November 23, 2021
A former Iranian prison official accused of handing out death sentences during a 1988 purge of dissidents will testify for the first time on Tuesday in a landmark trial in Sweden.
Hamid Noury, 60, has been on trial in Stockholm’s district court since August on charges including murder, crimes against humanity and war crimes. They stem from the period between July 30 to August 16, 1988, when he was allegedly assistant to the deputy prosecutor of Gohardasht prison in Karaj, near Tehran.
Human rights groups say about 5,000 prisoners were killed across Iran, allegedly under the orders of supreme leader Ayatollah Khomeini in reprisal for attacks carried out by the People’s Mujahedin of Iran (MEK, the exiled opposition group) at the end of the Iran-Iraq war of 1980-88.
While not accused of directly carrying out any of the killings, the prosecution has alleged that Noury’s participation included handing down death sentences, bringing prisoners to the execution chamber and helping prosecutors gather prisoners’ names.
Noury has rejected the charges.
The Swedish trial has already heard testimony from several witnesses, including from members or ex-members of the MEK.
“When I was in the death corridor … I had the chance to see him and I witnessed that whenever they read some people’s names he followed them toward the death chamber,” one of the witnesses, Reza Falahi, told AFP.
“After for example 45 minutes or so he came back, and again and again the same story was repeated.”
Falahi was imprisoned from 1981 to 1991, and was in the Gohardasht prison in 1988. Now aged 61, he lives in the UK.
Sweden’s principle of universal jurisdiction means that its courts can try a person on serious charges such as murder or war crimes regardless of where the alleged offenses took place.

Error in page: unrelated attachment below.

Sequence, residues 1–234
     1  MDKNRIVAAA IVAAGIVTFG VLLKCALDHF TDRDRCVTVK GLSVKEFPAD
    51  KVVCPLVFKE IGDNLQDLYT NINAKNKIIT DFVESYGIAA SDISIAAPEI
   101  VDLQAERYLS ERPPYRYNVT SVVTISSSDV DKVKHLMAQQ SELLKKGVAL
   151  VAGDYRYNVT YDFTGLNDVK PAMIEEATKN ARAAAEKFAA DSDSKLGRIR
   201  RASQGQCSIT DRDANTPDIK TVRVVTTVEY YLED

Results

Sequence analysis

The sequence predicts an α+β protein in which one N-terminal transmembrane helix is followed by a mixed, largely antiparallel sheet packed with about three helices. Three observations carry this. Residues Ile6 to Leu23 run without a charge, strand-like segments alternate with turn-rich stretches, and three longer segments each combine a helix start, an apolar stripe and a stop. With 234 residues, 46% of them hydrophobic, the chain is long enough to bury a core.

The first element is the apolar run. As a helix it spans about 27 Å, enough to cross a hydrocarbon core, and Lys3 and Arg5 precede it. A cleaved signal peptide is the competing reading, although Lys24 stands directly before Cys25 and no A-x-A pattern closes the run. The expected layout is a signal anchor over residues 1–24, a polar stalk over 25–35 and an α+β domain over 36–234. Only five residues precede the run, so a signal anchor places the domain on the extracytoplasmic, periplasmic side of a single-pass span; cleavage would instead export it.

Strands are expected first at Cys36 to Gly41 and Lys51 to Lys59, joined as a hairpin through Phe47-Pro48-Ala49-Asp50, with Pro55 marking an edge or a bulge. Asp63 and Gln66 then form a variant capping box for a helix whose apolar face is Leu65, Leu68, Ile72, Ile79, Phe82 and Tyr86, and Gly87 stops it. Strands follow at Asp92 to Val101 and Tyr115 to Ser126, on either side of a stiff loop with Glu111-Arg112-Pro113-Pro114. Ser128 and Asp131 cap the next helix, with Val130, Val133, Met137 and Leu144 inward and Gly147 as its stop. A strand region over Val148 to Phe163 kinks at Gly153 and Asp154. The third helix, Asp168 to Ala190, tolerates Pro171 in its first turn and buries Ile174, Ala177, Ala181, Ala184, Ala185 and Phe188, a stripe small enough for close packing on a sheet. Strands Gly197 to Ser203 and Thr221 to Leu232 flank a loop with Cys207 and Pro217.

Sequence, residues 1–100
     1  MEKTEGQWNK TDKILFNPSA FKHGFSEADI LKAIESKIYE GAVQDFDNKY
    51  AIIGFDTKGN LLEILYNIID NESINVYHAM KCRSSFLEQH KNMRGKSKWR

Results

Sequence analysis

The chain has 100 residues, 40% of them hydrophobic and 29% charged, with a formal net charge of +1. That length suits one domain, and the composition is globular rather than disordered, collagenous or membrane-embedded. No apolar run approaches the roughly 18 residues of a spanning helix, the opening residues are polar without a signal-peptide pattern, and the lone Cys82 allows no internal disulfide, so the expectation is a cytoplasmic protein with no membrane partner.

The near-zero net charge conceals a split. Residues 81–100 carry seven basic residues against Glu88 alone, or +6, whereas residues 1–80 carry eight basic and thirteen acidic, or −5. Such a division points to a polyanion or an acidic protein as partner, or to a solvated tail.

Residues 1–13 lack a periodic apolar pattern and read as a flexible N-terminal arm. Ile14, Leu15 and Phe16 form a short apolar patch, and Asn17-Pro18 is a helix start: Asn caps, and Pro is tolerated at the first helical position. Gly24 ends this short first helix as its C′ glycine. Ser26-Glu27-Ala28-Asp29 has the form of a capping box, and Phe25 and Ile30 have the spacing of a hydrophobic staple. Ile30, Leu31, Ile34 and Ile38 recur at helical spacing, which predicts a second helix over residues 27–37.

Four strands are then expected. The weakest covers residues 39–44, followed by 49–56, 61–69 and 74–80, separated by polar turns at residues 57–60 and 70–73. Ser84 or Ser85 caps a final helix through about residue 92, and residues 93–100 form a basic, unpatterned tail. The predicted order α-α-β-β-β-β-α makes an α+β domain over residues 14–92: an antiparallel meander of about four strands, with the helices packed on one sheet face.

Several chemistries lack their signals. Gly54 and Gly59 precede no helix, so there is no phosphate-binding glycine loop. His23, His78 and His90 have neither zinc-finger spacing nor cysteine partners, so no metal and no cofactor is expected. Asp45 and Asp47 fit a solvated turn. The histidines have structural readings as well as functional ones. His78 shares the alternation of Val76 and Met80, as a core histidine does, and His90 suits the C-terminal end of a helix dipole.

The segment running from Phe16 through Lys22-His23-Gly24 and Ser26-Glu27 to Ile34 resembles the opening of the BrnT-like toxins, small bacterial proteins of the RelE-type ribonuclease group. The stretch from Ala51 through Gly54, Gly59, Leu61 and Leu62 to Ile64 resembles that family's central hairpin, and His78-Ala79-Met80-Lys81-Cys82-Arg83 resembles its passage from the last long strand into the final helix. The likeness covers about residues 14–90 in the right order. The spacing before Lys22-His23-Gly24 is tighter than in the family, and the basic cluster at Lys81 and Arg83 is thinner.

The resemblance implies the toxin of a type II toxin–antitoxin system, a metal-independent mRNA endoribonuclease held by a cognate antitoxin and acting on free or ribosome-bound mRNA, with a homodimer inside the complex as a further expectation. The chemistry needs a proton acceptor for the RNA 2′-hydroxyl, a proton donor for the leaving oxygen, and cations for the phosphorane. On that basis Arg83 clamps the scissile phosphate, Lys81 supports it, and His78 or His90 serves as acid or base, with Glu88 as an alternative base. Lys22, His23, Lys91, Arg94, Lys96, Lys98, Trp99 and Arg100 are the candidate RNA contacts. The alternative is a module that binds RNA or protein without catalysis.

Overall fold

Human rights organizations and legal experts have hailed the trial as historic.
“It’s the first time that anyone accused of having participated in this great international crime is ever brought to court so it’s incredibly symbolic,” Maja Aberg of Amnesty Sweden told AFP.
Prosecutor Kristina Lindhoff Carleson has accused Noury of “intentionally taking the life of a very large number of prisoners sympathetic to or belonging to the People’s Mujahedin” as well as others considered opponents of the “theocratic Iranian state.”
The case is particularly sensitive in Iran, where campaigners accuse current government figures of having a role in the deaths, most notably President Ebrahim Raisi.
The former head of Iran’s judiciary was accused by Amnesty International in 2018 of being a member of a “death commission” which was behind the secret executions.
In early May, more than 150 personalities, including Nobel Prize winners, former heads of state and former UN officials, called for an international investigation into the executions.
“It’s also an important signal to the leaders in Iran and the people who were part of these crimes that they may not be safe, justice might eventually catch up with them,” Aberg said.
Questioned in 2018 and 2020, Raisi denied involvement but paid “tribute” to Khomeini’s “order” to carry out the purge.
Khomeini died in 1989.
Ahmad Ebrahimi, another witness now living in the UK, said that testifying to the court was “a huge relief.”
“I want the international community to come to the conclusion that there is no way out… They have to end the politics of appeasement with this regime,” he said, calling for “accountability.”
The court recently relocated to Albania to hear testimony from seven witnesses who reside in a MEK camp near Tirana and were unable to travel to Sweden.
Noury was arrested at a Stockholm airport in November 2019 following the efforts of justice campaigner and former political prisoner Iraj Mesdaghi.
After compiling an evidence dossier of “several thousand pages” on Noury, Mesdaghi set about luring him to Sweden — where he has family members — with the promise of a luxury cruise.
Noury was arrested as he stepped onto Swedish soil.